CARO, Robert (b. 1935). The Power Broker. New York: Alfred A. Knopf, 1974. 8°. Illustrated. Original black cloth stamped in gilt; dust-jacket.
FIRST EDITION, signed three times: ("Robert A. Caro"), on the half-title and title-page; and ("B.") on the Dedication to his wife Ina, and extensively annotated throughout. SOME 900-WORDS IN CARO'S HAND, reflecting on the long, arduous process of creating what has proven to be not just a great biography but perhaps the greatest history of New York City in the twentieth century. Caro was initially reluctant to revisit this book: "I had not opened The Power Broker for forty years since it came out," he told us. "I could not bear to re-read it." In addition to the aversion that many authors have to reading their past selves, he had good reason for keeping this door to the past shut. In his first annotation he evokes grim memories of being "broke, people afraid to talk to me about Moses." And after going through his advance money and still finding himself several years from completion, his wife Ina agreed to sell "the house she loved, so I could keep going."
But revisiting the book dispelled these anxieties and became "a very moving experience." Over the course of his annotations we see him shedding the bad personal memories and, in a sense, rediscovering the meaning of his own work. The Power Broker was the first installment for what became Caro's life-long project: the study of political power, specifically how men like Robert Moses and Lyndon Baines Johnson gathered power into their hands--wresting it away from the voting public--to run roughshod over inconveniences like elections, popular will, democracy. While most biographers of major historical figures tend to stick to praising the Great Man and his wondrous accomplishments, Caro gave voice to the story's losers, to the small Long Island farmers whose lands were seized to make way for an expressway; or to the residents of the Tremont section of The Bronx--"animals" to Moses--whose homes and community were destroyed by the Cross-Bronx Expressway. In an annotation on page 303, he asks himself: "When did I decide that in order to write about power truly, it was necessary to write about the powerless as well as the powerful?"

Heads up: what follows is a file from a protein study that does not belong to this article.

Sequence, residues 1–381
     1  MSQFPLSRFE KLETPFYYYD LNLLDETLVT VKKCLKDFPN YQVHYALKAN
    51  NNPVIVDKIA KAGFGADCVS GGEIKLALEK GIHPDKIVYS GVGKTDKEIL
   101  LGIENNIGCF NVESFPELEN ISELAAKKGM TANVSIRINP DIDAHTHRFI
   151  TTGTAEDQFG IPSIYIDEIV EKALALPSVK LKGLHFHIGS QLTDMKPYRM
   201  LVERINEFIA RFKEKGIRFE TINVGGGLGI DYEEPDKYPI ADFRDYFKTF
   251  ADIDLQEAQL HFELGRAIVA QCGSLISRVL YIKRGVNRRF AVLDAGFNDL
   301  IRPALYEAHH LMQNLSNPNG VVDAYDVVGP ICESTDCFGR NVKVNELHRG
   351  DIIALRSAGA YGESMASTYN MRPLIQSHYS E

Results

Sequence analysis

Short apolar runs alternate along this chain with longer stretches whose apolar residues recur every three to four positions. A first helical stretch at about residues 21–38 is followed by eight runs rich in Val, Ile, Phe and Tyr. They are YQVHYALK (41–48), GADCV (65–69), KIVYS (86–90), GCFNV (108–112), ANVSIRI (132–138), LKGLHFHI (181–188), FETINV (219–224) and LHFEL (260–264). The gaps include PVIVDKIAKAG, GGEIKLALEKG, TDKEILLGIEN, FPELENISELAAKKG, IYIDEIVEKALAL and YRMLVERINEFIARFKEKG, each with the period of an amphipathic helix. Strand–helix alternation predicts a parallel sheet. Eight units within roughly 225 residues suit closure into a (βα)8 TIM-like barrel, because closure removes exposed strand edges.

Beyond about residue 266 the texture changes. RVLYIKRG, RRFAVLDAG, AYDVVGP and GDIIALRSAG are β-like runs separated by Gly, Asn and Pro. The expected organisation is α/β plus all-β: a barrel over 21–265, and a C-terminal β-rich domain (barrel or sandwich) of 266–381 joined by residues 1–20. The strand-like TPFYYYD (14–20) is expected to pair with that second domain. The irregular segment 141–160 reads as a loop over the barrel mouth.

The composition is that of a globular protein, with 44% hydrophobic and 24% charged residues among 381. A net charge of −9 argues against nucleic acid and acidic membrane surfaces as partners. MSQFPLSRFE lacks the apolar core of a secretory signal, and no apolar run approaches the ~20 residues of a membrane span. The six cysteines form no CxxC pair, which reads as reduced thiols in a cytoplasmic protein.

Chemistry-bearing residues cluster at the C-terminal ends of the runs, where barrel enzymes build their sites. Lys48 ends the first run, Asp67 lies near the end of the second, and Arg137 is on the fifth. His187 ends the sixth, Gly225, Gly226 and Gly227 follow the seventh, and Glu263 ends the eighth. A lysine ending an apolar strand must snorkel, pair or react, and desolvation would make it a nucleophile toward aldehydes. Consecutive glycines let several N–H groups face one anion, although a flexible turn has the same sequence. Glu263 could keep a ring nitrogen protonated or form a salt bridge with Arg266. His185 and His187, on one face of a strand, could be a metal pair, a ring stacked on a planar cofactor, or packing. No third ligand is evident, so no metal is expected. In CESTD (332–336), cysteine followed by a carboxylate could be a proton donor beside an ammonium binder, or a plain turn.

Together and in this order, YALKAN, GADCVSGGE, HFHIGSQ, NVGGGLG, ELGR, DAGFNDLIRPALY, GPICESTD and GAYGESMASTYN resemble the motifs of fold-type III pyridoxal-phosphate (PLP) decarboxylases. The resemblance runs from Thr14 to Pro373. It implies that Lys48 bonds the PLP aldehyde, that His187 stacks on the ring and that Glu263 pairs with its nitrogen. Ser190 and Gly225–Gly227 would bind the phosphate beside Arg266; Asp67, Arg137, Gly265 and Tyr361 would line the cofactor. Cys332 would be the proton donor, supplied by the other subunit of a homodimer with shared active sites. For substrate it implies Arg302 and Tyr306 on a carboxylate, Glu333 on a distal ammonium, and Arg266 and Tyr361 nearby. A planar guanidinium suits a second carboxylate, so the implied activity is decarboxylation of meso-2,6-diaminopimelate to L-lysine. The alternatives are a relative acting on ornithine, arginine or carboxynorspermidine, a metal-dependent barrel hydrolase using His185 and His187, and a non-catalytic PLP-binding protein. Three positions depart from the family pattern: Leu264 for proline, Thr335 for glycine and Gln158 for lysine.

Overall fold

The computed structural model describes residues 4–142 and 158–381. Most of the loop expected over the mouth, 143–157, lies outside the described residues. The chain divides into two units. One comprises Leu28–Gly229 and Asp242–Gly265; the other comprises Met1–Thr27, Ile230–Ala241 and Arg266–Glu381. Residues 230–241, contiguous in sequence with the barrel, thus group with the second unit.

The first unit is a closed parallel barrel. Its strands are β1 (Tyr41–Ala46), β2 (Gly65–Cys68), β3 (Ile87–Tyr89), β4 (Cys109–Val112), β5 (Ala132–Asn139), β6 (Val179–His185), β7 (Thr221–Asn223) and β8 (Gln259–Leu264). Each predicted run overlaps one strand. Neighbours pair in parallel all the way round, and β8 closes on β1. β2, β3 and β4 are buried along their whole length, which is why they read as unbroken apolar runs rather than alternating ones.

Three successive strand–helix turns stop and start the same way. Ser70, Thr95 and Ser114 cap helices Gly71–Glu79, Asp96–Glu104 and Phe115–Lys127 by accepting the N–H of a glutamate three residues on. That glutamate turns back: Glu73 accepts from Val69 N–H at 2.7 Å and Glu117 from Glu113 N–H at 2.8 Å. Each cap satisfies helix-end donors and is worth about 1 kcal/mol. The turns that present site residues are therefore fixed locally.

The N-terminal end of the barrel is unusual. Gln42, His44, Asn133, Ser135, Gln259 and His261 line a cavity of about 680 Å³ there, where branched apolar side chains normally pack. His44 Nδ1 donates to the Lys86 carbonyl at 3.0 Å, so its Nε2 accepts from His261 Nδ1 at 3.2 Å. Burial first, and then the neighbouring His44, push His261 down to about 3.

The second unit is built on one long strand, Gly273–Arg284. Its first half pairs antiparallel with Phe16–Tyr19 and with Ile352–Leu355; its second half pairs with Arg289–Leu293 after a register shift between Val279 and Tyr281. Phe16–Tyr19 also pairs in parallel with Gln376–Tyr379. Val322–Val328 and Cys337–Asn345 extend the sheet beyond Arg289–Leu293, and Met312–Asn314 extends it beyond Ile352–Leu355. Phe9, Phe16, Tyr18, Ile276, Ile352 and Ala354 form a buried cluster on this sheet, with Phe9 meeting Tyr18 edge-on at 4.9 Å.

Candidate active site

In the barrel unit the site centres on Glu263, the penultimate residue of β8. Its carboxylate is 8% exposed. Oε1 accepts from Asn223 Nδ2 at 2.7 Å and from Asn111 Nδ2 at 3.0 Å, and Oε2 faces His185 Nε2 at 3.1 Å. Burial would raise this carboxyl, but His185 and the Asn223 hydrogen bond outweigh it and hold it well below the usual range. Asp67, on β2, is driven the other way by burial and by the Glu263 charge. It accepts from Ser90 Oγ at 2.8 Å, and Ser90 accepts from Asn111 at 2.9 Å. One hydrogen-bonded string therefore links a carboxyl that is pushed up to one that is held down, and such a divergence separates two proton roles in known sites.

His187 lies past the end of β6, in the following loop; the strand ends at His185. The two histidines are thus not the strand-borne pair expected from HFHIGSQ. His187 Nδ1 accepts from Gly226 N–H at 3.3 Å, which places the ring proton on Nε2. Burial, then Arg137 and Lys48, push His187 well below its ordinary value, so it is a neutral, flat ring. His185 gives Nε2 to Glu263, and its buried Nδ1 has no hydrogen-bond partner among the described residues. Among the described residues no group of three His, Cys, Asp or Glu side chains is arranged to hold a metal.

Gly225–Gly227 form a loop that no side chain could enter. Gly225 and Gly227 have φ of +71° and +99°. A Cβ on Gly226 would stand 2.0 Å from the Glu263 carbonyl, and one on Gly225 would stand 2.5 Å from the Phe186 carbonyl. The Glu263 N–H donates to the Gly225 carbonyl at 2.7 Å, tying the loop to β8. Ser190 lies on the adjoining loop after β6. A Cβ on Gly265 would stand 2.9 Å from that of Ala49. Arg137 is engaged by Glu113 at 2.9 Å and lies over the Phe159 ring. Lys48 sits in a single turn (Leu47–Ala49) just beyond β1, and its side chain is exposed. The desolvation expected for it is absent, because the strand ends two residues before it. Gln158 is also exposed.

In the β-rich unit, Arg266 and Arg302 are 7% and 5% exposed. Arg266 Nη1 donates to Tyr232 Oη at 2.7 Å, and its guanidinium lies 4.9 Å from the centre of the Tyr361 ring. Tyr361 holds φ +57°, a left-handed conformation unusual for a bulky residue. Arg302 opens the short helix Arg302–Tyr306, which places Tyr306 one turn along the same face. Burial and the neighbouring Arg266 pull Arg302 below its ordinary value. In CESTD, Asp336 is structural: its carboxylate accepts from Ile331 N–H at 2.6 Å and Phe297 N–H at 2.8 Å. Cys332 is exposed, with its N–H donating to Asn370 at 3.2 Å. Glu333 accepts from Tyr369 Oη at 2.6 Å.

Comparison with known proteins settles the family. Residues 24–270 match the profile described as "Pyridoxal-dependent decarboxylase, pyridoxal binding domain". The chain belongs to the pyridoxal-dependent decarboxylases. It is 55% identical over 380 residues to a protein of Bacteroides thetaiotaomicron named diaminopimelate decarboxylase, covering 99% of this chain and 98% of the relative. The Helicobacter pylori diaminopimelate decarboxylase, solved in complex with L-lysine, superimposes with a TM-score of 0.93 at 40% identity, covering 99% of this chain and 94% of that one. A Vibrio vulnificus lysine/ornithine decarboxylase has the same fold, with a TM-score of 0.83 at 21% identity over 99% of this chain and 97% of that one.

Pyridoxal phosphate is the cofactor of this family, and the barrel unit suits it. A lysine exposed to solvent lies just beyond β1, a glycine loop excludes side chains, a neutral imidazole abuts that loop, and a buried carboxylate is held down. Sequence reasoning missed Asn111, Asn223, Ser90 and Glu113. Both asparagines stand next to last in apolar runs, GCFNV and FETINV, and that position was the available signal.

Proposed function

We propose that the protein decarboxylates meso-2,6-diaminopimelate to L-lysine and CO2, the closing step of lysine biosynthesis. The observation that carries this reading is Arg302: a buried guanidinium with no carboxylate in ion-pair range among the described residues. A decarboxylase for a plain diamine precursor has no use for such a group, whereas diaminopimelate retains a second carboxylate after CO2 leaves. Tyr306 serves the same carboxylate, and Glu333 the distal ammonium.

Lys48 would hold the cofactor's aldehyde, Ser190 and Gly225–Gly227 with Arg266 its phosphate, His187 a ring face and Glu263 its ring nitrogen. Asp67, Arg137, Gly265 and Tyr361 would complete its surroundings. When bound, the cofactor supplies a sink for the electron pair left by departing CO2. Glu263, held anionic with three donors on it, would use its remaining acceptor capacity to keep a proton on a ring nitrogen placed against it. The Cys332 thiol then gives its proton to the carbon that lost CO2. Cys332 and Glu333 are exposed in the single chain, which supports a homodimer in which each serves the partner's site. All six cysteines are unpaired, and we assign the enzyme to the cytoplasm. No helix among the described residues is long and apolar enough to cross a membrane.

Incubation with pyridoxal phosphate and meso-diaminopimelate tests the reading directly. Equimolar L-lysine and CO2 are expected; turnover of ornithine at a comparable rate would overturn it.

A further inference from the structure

Here, in his annotations, he recalls those people, their moving and generous interviews with him and his wife. In a long note on page 894 he laments a long section that was cut from the original manuscript (which weighed in at 1,050,000 words!) about the lives of the Tremont residents after their displacement and scattering: "'lonely' was the word I kept hearing." He extensively annotates the footnotes and index to praise important sources that helped him with key material. And on the final page of the book he explains how the last line was the key to the whole work. A moving and powerful commentary on this masterpiece of historical literature.